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Stock picking help
Old 09-23-2012, 05:09 AM   #1
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Stock picking help

Hello folks,

I am very new to investments, have never ventured in this arena. Have been happy with CDs but now its time to get my toes wet.

The background, I make ~68k annually. DS, age 4, has a diagnosis of autism, good prognosis, still never know when and how things will go bad. Suggested by some parents to 'stock up' for his future.

I am done with building emergency fund of ~30K, now would like to invest in retirement plans (my employer does not offer one) and stocks. I am still not clear what I should start with first. Understanding stocks seems little easier than retirement funds, hence starting with them.

- Can anyone suggest me some good stocks (is it also called as blue chip stocks?) I should start going with? Apple and Google are ideal but they are too expensive for my budget. Suggestions welcome.
- If there are any utilities you use to track stock prices Or anything else related to stocks), would love to know them.
- Is there any broker that offers a facility where you put a price alert and when the stock reaches that price, it automatically purchases the number you put in that alert?
- In am considering Scottstrade as a broker. Anybody suggesting any other? I am not very clear about mutual funds yet but reading up on them, so will eventually invest in them too. So please consider it.

Many thanks in advance.
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Old 09-23-2012, 06:42 AM   #2
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I would suggest doing a little reading and research so as to understand some basic concepts, like diversification, asset allocation, etc. Anything by John Bogle is a good read and pretty easy to follow, in my humble opinion. If you are hell bent on buying something just for the sake of buying I would steer you to an index mutual fund for starters like the S&P 500 Index Mutual funds with either Vanguard or Fidelity. As for utilities to track your investments, most brokerage institutions have software programs you can access to see how you are doing. There are also many free on line sites, like Yahoo and Morningstar that let you do the same with varying levels of sophistication. Although I do own a few stocks I am not a proponent of buying singles stocks and prefer mutual funds instead. Also since your employer does not offer any type of retirement plan seriously consider an IRA in order to get the advantage of deferring taxes on what you put into the IRA. Under the umbrella of a tradition IRA you can buy, sell, trade, stocks, mutual funds, ETFs, CDs, etc. without being concerned about the tax implications. Also look into Roth IRA advantages. Gotta run but I'm sure others will be along to offer some good advice. Good luck.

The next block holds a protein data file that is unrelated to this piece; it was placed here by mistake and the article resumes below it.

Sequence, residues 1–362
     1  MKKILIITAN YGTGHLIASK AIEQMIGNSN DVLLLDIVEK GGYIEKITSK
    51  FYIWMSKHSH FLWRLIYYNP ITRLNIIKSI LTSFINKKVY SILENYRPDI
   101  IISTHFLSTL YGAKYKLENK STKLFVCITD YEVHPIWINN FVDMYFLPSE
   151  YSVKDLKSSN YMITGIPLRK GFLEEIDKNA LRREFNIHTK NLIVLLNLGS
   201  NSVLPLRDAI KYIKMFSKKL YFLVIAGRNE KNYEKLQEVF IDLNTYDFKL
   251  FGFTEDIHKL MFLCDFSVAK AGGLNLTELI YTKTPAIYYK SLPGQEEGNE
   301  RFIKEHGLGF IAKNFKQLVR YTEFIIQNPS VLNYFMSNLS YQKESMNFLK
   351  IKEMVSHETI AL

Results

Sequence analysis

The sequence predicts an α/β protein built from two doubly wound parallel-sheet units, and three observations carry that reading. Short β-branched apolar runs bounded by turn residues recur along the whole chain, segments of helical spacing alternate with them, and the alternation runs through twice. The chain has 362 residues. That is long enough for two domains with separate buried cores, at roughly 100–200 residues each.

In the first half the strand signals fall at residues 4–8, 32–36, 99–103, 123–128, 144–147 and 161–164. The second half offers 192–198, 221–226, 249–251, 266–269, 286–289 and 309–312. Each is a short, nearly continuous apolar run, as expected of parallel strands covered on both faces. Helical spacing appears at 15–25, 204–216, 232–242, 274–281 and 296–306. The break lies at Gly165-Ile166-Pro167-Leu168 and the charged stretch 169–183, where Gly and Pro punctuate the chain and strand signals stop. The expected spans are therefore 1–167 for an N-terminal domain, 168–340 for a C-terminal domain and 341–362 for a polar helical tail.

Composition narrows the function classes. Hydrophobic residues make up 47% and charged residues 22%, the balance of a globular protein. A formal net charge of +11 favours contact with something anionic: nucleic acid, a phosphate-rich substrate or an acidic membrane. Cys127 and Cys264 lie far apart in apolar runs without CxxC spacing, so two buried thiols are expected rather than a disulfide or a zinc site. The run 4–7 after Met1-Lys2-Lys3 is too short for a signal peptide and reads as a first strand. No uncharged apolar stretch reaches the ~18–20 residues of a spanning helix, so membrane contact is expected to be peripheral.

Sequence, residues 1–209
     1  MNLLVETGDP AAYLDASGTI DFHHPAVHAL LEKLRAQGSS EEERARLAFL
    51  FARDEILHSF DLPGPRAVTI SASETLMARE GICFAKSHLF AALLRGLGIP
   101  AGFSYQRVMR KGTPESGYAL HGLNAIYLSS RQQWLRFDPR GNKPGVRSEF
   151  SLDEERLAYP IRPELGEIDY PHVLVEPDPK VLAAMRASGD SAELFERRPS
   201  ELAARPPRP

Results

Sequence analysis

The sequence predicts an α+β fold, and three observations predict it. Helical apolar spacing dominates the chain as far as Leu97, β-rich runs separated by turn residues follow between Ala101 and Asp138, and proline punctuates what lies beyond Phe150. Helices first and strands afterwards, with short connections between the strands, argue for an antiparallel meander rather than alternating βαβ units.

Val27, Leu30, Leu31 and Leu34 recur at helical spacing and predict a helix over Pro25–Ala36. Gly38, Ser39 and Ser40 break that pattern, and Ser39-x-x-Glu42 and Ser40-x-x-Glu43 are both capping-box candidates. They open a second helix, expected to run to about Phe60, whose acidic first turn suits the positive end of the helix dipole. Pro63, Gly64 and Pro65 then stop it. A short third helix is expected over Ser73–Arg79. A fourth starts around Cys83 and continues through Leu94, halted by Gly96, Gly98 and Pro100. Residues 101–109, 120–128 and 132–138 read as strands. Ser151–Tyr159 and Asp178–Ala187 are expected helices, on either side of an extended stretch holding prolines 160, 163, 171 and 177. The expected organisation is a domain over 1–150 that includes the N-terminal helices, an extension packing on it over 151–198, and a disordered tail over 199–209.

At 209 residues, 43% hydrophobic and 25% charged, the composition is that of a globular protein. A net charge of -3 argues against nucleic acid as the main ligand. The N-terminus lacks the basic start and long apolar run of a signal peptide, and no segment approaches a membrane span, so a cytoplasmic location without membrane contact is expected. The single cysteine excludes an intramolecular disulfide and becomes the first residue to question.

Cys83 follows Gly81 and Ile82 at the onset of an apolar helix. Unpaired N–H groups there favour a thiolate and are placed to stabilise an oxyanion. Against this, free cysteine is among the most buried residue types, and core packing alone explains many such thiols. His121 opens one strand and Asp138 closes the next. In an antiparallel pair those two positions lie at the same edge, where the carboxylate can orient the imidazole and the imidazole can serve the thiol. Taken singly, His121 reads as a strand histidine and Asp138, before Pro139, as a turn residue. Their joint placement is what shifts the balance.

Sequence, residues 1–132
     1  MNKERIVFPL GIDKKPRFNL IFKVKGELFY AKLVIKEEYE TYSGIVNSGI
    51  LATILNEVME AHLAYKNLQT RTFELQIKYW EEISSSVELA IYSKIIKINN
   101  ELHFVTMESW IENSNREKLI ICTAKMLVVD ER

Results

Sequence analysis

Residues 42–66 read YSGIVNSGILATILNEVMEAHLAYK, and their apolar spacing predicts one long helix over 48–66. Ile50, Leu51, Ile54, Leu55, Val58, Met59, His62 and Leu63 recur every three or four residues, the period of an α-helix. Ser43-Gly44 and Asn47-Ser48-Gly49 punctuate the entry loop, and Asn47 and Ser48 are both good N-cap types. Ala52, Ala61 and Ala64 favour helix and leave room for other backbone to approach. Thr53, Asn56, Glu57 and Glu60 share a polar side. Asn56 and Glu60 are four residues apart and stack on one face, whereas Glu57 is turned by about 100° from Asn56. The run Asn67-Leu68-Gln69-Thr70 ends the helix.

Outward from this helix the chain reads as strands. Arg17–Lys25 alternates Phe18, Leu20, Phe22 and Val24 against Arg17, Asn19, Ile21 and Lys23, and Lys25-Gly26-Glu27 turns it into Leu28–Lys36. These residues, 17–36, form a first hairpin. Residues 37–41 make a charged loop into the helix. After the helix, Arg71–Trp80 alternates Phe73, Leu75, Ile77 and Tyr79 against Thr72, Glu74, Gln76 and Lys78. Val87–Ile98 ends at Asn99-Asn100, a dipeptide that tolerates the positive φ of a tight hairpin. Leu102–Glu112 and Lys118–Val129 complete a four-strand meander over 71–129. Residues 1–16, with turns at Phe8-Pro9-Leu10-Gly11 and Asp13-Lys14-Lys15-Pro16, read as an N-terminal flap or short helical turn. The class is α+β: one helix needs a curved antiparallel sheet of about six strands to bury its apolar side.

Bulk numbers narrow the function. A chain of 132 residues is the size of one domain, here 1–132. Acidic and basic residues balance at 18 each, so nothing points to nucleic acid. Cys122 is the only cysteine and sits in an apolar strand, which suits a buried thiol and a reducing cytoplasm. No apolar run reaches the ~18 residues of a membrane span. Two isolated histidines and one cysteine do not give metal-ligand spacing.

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Old 09-23-2012, 07:00 AM   #3
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Noelm, sorry to hear about your son, but it is good to see you thinking now about how to help if needed later. Don't forget life insurance for yourself.

Before getting into stocks you might want to learn about investing. Here is a reading list that will help An updated FIRE recommended reading list (with a military twist) Don't worry about "military " in the title, the list is good for all of us. All of William Bernstein's books are very good.

There is no compelling need to invest this instant. If you rush into this you will only be feeding the sharks with your money. Take a few months, read and learn, ask questions, and then you can start looking for ways to invest for your future and your family's as well.
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Old 09-23-2012, 08:07 AM   #4
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Quote:
Originally Posted by noelm View Post
I am still not clear what I should start with first. Understanding stocks seems little easier than retirement funds, hence starting with them.
- Can anyone suggest me some good stocks (is it also called as blue chip stocks?) I should start going with? Apple and Google are ideal but they are too expensive for my budget. Suggestions welcome.
- If there are any utilities you use to track stock prices Or anything else related to stocks), would love to know them.
- Is there any broker that offers a facility where you put a price alert and when the stock reaches that price, it automatically purchases the number you put in that alert?
- In am considering Scottstrade as a broker. Anybody suggesting any other? I am not very clear about mutual funds yet but reading up on them, so will eventually invest in them too. So please consider it.
We get this question a lot on this board. You're asking for all the right reasons, but you're asking all the wrong questions. Take heed from all the people on this board who've gone before you and learned their own harsh lessons.

What you're proposing is the investing equivalent of walking on to a car dealer's lot, handing them your credit card, and asking "How much can I afford?" You'll get the answers eventually, but it'll be a very expensive and painful tuition payment.

Before you research any of those questions you're asking above, you need to educate yourself on asset allocation. In addition to the reading list, you can also start with the summary at the Bogleheads wiki. Read here: Bogleheads and then click on the "Getting started" link.

Then when you've learned about cheap index investing, you'll know that you should stop caring about the answers to the above questions. Either invest in the stock index funds on your own, or seek the help of a cheap advisor like Rick Ferri.
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Old 09-23-2012, 08:53 AM   #5